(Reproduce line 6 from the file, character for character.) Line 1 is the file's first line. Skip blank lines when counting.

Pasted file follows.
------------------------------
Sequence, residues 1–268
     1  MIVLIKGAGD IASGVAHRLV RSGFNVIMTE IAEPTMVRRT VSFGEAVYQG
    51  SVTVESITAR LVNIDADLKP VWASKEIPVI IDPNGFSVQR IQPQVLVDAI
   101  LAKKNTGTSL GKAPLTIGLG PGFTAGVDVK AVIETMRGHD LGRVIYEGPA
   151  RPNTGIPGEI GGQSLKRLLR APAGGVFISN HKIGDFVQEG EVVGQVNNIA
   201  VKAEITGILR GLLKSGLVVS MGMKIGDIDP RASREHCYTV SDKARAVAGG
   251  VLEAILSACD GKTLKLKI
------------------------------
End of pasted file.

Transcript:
   201  VKAEITGILR GLLKSGLVVS MGMKIGDIDP RASREHCYTV SDKARAVAGG